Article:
Digital Currency Electronic Payment or DCEP has become the latest buzzword in the blockchain community, as China announced a series of blockchain initiatives amid capitalizing on this emerging technology. The country’s push on rolling out a digital version of yuan could bring a significant impact to the global blockchain landscape, potentially accelerate the adoption of digital currency globally. From a macro perspective, what potential benefits digitalizing a currency could bring, and its impact on monetary policy, financial stability, and integrity?

Racing to Digital

While lawmakers in the US were still questioning the potential security and legal issues of Facebook’s Libra, China seems to be one step ahead when it comes to digitalizing its currency.

Just this week, China revealed more details about its DCEP project. Initially, the PBOC will distribute the digital currency to all commercial banks and replace the Reserve Money (M0) system, reducing interbank transfer barriers.

After the system stabilized, the central bank will additionally commercialize the digital currency by allowing major fintech companies to use it in their mobile payment systems. Officials claim that the DCEP project is an effort of 6 years of hard work and research, and it will share the same nature and legal status as the traditional fiat currency.

The swift move from China seems to make the country a global leader when it comes to the blockchain application, and it could be the biggest monetary transformation in a decade. However, China’s ambitiousness could also lead to a new global “blockchain race”.

The United States has been largely lukewarm, if not negative, over blockchain and bitcoin. Some lawmakers on Capitol Hill have expressed their opposition over the issuance of digital currencies, and the SEC has been unconvinced on some crypto-related financial products, at the same time, President Donald Trump also said he was not a fan of cryptocurrency.

However, China’s latest blockchain push could shift the tide in the US and the country could take a more proactive approach in this field, as two superpowers have been competing on the technology front. A showdown in blockchain between the US and China could potentially possible as we approach the year 2020.

Digital Currency: The Global Landscape

China may be leading the global digital currency game for now, but other countries could be catching up soon. New research from the International Monetary Fund shows that at least 15 jurisdictions, including China, have studied the possibility of digitalizing their currencies.

 Jurisdictions Where Retail CBDCs Are Being Actively Explored

Source: IMF; Public information

IMF also highlights that emerging market economies have shown the most interest in central bank digital currency because they believe it will able to forester financial inclusion by reaching out to the unbanked segments of the population. In the case of advanced economies, countering operational risk and monopoly distortion, reducing costs associated with managing cash were among major reasons for them to explore central bank digital currency or CBDC.

The Pros

Emerging market economies and advanced economies may have a different rationale and motive behind their CBDC researches, but in general, CBDC may able to improve the efficiency of the payment system, reduce transfer costs, and could encourage financial inclusion.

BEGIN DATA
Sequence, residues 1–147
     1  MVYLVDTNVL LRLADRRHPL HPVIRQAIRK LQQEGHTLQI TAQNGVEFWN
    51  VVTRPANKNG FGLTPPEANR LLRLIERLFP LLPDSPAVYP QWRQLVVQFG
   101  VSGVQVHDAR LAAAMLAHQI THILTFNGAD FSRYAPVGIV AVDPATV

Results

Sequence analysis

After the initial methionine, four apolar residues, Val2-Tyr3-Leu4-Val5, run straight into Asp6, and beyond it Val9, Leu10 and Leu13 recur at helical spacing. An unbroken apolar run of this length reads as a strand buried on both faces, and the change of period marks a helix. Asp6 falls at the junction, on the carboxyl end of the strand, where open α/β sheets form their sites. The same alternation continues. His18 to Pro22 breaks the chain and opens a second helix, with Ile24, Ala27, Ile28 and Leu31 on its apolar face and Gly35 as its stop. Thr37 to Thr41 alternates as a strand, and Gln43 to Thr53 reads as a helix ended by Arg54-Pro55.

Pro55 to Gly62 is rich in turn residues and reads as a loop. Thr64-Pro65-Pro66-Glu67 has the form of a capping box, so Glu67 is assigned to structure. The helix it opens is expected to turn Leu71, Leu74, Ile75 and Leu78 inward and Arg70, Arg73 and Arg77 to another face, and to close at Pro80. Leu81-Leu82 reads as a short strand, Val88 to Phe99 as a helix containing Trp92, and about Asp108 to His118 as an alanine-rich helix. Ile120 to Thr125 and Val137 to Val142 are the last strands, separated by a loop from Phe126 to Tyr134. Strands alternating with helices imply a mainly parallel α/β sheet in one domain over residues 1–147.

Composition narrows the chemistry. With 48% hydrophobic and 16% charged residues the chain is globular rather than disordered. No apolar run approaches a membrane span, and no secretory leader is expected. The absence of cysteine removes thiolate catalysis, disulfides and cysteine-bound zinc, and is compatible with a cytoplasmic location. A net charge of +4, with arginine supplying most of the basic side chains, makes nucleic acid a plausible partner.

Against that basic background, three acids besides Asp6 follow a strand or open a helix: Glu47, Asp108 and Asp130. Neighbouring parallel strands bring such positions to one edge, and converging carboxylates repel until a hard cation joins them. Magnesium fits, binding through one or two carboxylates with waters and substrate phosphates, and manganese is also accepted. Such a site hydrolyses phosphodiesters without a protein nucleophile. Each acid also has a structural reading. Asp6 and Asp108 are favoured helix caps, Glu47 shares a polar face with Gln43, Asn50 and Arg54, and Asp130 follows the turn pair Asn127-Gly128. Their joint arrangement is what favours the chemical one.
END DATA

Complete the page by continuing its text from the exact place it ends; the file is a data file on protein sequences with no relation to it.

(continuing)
In terms of payments, CBDC could address some of the privacy concerns by conducting transactions anonymously under a centralized environment, which could also curb the development of private forms of anonymous payment, reducing some of the AML and CFT risks.

Form the monetary policy transmission perspective, the IMF believes that CBDC will not interrupt the transmission substantially, and if CBDC will able to stimulate greater financial inclusion, the transmission could be more effective.

Peter Bofinger, Monetary Policy and International Economics Professor at the University of Wurzburg believes that the digitalization of money has the potential to change traditional structures of the financial system and could redefine the roles of banks and central banks, but digitalization won’t wear away the control of central banks over the financial system.

The Cons

CBDC could potentially raise some new security concerns despite it has features that encourage financial inclusion. The digital nature that allows easier transaction will also increase operational risks from disruptions and cyberattacks.

IMF also notes that the demand for CBDC will not necessarily be very high initially, and it will depend on the attractiveness of alternative forms of money. If a continuation of low demand in CBDC occurs, it could increase the system running cost for central banks and other institutes. Additionally, the adoption of CBDC could curb the development of private forms of anonymous payment, this move could increase risks to financial integrity.


It’s too early to make conclusions on the benefits of CBDC, as this is still largely in the beginning stage, and central banks and commercial banks were still in the process to evaluate what kind of impact a digital currency could bring to the markets. However, many of the experts agree that the changes that CBDC could bring are profound and widespread.

Disclaimer: This material should not be taken as the basis for making investment decisions, nor be construed as a recommendation to engage in investment transactions. Trading digital assets involves significant risk and can result in the loss of your invested capital. You should ensure that you fully understand the risk involved and take into consideration your level of experience, investment objectives and seek independent financial advice if necessary.

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